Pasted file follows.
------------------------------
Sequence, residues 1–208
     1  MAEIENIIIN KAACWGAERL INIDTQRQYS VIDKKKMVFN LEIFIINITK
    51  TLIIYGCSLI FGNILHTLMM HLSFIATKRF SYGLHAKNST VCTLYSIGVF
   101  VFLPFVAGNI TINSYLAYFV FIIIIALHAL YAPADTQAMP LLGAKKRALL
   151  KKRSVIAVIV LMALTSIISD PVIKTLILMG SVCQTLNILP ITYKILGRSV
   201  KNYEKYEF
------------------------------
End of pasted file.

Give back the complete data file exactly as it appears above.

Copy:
Sequence, residues 1–208
     1  MAEIENIIIN KAACWGAERL INIDTQRQYS VIDKKKMVFN LEIFIINITK
    51  TLIIYGCSLI FGNILHTLMM HLSFIATKRF SYGLHAKNST VCTLYSIGVF
   101  VFLPFVAGNI TINSYLAYFV FIIIIALHAL YAPADTQAMP LLGAKKRALL
   151  KKRSVIAVIV LMALTSIISD PVIKTLILMG SVCQTLNILP ITYKILGRSV
   201  KNYEKYEF